Some businesses don’t realize how much cash flow is available in their balance sheets. It’s important for providers to periodically review their organization’s revenue cycle for any inefficiencies or improvements that may be holding the company back from growing. You can eliminate manual data entry errors and reduce transaction times by automating processes. However simply cutting costs is not enough to build a successful practice. Creating a positive patient experience is also crucial for the long term financial success of any practice. Below is a brief overview of medical revenue cycle management along with some best practices for improving revenue cycle management in healthcare.
What is Revenue Cycle Management in Healthcare?
It’s difficult to define healthcare revenue cycle. There’s a lot of overlap between the revenue cycle management process, practice management, and medical billing; all of which involve managing the relationship between patient, payer and provider. Depending on your specialty or practice, the definition of healthcare revenue cycle management consists of systems and procedures built to reimburse doctors for time and resources spent on patient requests. The typical healthcare revenue cycle flowchart consists of the following steps:
- Clinical Operations- RIS, LIS, EHR/EMR, or any system used to manage the schedule, registration and demographic information of patients
- Medical Coding- translating procedures into CPT, ICD and HCPCS codes. Claim scrubbing, data validation, and submission
- Payer Contracting- reconciliation and remittance with the insurance company, payer or clearinghouse
- Patient Billing- payment posting, statements, billing methods, and collections
- Reporting- data mining, forecasting and practice analytics using financial and performance data
Best Practices for Improving Healthcare Revenue Cycle Management
Despite the challenges associated with revenue cycle automation, it’s important for billing offices, practices and hospitals to adopt smart and flexible billing methods. If done thoughtfully and utilizing the right technology partner, the benefits will quickly outweigh the cost of training and implementation.
- Build charge capture and verification into the revenue cycle. On average, hospitals lose around 1 percent of their potential net revenue due to missed charges and loss of productivity. Electronic claims processing takes 30 percent less time compared to manual processing. Today, charge capture and file transfers can be performed using automated timers and natural language processing with little to no manual intervention.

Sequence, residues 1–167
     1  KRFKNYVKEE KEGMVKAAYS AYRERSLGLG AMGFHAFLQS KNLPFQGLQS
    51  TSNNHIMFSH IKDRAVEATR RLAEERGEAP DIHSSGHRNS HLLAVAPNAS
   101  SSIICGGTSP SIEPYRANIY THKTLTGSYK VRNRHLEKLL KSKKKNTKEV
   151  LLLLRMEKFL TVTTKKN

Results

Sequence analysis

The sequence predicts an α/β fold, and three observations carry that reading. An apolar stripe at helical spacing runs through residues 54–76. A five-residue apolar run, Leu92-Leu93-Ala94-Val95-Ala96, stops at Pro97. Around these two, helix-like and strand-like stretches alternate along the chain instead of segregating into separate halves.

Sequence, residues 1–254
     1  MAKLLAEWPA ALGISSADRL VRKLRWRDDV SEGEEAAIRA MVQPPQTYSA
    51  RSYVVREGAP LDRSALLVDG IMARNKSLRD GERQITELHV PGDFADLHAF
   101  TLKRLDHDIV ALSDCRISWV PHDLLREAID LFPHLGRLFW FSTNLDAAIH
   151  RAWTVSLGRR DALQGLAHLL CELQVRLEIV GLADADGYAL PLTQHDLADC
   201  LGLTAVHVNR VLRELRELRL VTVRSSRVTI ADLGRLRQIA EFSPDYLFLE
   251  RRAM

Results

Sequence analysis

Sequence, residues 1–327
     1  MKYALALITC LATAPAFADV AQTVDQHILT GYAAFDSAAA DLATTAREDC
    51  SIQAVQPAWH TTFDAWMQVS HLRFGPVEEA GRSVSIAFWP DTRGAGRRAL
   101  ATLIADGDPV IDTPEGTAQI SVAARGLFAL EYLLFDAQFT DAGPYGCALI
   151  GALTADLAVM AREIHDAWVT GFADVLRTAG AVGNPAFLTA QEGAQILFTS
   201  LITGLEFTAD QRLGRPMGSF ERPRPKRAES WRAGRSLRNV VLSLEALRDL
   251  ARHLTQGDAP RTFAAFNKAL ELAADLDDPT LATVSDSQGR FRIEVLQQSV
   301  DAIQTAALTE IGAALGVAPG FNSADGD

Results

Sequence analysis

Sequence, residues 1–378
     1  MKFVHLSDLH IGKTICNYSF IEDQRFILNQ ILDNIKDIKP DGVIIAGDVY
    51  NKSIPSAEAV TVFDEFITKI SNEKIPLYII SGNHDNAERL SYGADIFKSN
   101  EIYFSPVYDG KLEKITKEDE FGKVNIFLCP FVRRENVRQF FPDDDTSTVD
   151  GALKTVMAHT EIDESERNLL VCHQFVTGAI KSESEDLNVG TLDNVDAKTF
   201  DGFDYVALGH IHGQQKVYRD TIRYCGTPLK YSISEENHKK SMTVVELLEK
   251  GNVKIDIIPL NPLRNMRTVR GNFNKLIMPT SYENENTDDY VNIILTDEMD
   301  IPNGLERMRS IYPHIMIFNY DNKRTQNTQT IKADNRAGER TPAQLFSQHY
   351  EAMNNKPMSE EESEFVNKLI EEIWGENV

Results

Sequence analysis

- Automate and collect patient financial responsibility upfront. The more information you can provide up front to help patients understand and manage costs, the fewer write-offs you’ll have to manage in the end. Administrative costs can increase if organizations use manual processes to check prior authorizations and eligibility. CAQH’s 2016 Index showed manual prior authorization can cost providers an average of $7.50 per transaction, while electronic prior authorization can cost as low as $1.89 per transaction.
- Streamline your office’s front-end and back-end responsibilities. There's a large grey area between clinical modalities and revenue cycle operations. It is in this space where payments get lost in translation. This disconnect between front-end and back office systems and the resulting manual data entry is an invitation for errors. Electronic eligibility (or e-eligibility) along with fully integrated clearinghouse promotes more transparency into the status of a claim while minimizing denials.
- Use data to benchmark and forecast medical revenue cycle performance. Keep your finger of the pulse of your practice’s financial health AND staff performance. Each step in the revenue cycle should have its own set of KPIs. Setting KPIs and tracking over time will unveil bright spots in your revenue cycle and show you how to manage resources better.
- Treat billing and payment as one unified system. Today's technologies provide a tremendous opportunity to merge billing and payment into a single, cost-saving process. Since many customers already perceive billing and payment as one thing, the technology should be set up to reinforce that. When connected, billing managers can recognize patient payments faster, while a paperless billing process can deliver a better patient experience.
Sometimes realizing additional revenue takes more than new processes. So where to begin? Start by identifying two or three inefficiencies or challenges preventing your company from growing, either through a loss in revenue or patient satisfaction. Then identify opportunities and technologies that can improve operational efficiency as well as the ability for patients to understand and pay their bill. Consider the above revenue cycle management healthcare best practices and you will be well on your way to building a stronger business case for improving your revenue cycle performance.